The votes are in and the numbers have been crunched
You have to love Polldaddy for that. It might have been nice to poll a few more votes given the rather huge traffic the post got but then, you never expect everyone who actually arrives to take action. Based on a sample of 91 in an incredibly unscientific study here is what I know readers of this blog think about success in the Irish book market:
1) A remarkable 82% believe that sales have to be 4,000 or above before they would be considered a success
2) A paltry 12% think 1,000 is a good marker
3) Most amazingly a full 21% voted for over 10,000 units as a measure of success.
And where do I stand?
Well the Irish Consumer Market (ICM) has some great data sources, the most important being Nielsen Bookscan. I base my thoughts on success around the yearly Top 1000 titles. Did a book in year of release make it into that select group. And in case you think that it is not a select group consider these stats from 2008:
1) Value of the entire ICM in 2008 €165,357,704.81, value of the Top 1000 in 2008 €53,351,537.91 or 32.26% of the market
2) Volume sold in the entire ICM in 2008 13,952,693, volume of the Top 1000 wold in 2008 4,691,181 or 33.6%
3) Top 1000 ISBNS as a percentage of the recognised ISBNS in the ICM in 2008: 0.36% (ie there were 278,782 recognised ISBNS in the ICM in 2008)
So even though they accounted for only .36% of the books available to buy, the Top 1000 represented 33.6% of the Volume and 32.2% of the value. That is pretty select.
Some more context
Before I go into details, I’ll unpack that a bit. The Irish consumer market panel includes the large chains (easons, Hughes etc), most of the medium and small chains (Waterstones, Book Centres, Dubray) a flurry of independents and some of the Supermarkets. That has some peculiar effects. For one thing depending on the type of book you selling it can either grossly understate your sales (this is especially true for a very local title or for a title with an extremely heavy independent and local bookshop bias to its sales pattern. Equally, if a title is VERY commercial and likely to suffer heavy price promotion and discounts, the results tend to look better versus the rest of the market because unlike the majority of books, these titles tend to be bought almost exclusively from outlets that report to the Nielsen panel.
So with that in mind a general rule of thumb is to add another 30% to the sales of titles that fall into the local/independent bias to think in terms of REAL sales for those titles. I’m not going to do that here, but it is a useful piece of information (at least until more indies join the panel and begin to send data to Nielsen).
And the numbers per book?
Based on 2008 a book made it into the Top 1000 with 1,879 units of sales. The 1000 book in 2008 was Poetry Now: Ordinary Level. The top title sold 51,777 units and somewhat unsurprisingly was This Charming Man by Marian Keyes.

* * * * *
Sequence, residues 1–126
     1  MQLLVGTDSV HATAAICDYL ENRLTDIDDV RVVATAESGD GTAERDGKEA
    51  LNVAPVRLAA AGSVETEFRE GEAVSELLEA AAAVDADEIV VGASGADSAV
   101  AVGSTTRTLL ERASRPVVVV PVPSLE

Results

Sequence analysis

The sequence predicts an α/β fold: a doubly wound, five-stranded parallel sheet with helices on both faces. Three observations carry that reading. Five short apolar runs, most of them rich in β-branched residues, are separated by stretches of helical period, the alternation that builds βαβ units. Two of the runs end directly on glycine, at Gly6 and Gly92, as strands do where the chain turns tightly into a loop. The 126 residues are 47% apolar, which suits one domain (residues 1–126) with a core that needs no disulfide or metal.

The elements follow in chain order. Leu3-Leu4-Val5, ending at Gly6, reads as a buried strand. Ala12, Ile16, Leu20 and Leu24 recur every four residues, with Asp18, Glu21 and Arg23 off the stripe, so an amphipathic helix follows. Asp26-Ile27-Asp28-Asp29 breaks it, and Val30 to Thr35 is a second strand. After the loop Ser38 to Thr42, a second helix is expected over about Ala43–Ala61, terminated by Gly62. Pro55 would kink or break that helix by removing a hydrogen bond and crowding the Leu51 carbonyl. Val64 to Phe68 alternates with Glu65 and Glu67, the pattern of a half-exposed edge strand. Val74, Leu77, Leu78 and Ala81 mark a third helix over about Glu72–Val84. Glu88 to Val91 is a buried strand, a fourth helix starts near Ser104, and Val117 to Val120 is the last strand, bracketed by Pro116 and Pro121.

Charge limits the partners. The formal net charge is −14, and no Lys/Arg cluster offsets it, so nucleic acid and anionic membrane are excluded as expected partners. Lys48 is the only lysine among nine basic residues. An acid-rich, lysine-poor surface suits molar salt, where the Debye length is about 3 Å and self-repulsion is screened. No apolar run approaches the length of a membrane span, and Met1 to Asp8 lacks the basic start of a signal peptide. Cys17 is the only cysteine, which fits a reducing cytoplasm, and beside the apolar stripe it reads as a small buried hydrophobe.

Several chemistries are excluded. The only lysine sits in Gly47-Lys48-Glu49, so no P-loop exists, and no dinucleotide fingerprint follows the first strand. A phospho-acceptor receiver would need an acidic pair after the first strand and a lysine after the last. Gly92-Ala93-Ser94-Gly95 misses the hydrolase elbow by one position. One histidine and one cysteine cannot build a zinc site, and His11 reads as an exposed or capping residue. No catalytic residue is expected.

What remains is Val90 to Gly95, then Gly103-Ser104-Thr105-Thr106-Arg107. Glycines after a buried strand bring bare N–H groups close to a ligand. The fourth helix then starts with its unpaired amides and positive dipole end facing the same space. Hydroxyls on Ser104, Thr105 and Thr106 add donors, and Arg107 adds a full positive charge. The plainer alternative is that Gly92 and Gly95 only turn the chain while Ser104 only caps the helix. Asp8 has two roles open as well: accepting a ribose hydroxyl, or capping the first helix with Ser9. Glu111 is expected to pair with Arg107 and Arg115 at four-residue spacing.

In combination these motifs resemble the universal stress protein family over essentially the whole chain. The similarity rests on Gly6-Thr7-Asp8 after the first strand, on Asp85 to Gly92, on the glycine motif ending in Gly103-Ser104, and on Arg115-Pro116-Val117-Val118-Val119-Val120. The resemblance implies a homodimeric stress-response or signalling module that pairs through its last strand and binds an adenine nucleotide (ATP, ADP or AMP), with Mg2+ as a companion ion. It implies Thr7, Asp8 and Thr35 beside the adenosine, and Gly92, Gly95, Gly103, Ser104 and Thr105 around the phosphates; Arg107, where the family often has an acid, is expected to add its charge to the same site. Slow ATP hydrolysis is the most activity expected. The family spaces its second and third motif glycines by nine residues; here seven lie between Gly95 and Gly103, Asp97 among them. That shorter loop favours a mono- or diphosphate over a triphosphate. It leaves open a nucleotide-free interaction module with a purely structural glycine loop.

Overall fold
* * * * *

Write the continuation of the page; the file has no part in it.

Admittedly that is quiet a range: 1,879-51,777. Anywhere within that is a very creditable performance. For instance:
The 900th Best-selling book, The Last Lecture By Randy Pausch sold 2,005
The 800th Best-selling book, New Europe By Michael Palin sold 2,194
The 700th Best-selling book, World War II: Behind Closed Doors By Laurence Ress sold 2,434
The 600th Best-selling book, The Irish Discovery Map of Wicklow, Dublin, Kildare sold 2,662
The 500th Best-selling book, Filthy Rich by Wendy Holden, sold 2,994
The 400th Best-selling book, The New Contented Little Baby Book by Gina Ford, sold 3,430
The 300th Best-selling book, Better Than Sex: My Autobiography by Mick Fitzgerald, sold 4,321
The 200th Best-selling book, A Place Called Here by Cecelia Ahern, sold 5,612
The 100th Best-selling book, The Diving-bell and the Butterfly by Jean-Dominique Bauby, sold 8,287
What can we take from this?
In short, the quantities, even in the top 1000 remain fairly small. In fact, you only get into double figures at the 75th best-selling book. You don’t see anything over 15,000 until the 43rd best-selling book. There are no titles selling over 20,000 until the 27th best-selling book and over 30,000 doesn’t happen until the 9th best-selling book.
Is there more?
But just looking at the raw numbers means very little. What genres lead the way in the Top 1000? Are their secrets hidden in the numbers? Which publisher has the best strategy? Is there an Irish publisher who dominates the list? What publisher operates outside the list? Well the next post in this series will look at some of those patterns and try and drill down into the best strategies ti adopt to achieve healthy sales and how to break through the noise and into the Top 1000.
This is fun is it not?
7 thoughts on “Publishing success in Ireland, Part One”
Wow. That is an eye-opener. It is amazing how low the numbers are. Mind you, we do have such a small country. Makes me feel pretty good about our book!
And so you should Kieran. All told it did very well.
[…]A couple of days ago Eoin Purcell hosted a poll on his blog and asked what was the measure of success for a book on the Irish market. Well, he has correlated the results and posted the first part of his findings and analysis here.[…]
Fascinating information. Great post…many thanks.
No problem Eddie, I think the next one will shock people! It’s the category breakdown!
I voted for 1,000 so feel quite smug. Mind you, I know this because an academic book needs to sell about 400 copies in hardback to be considered a roaring success. Publishers really need to start with these figures and work backwards, don’t they? Rather than fantasise about the hundreds of thousands of copies they’d like to shift.
They sure do!
Working back from that reality is what will make both parties happy.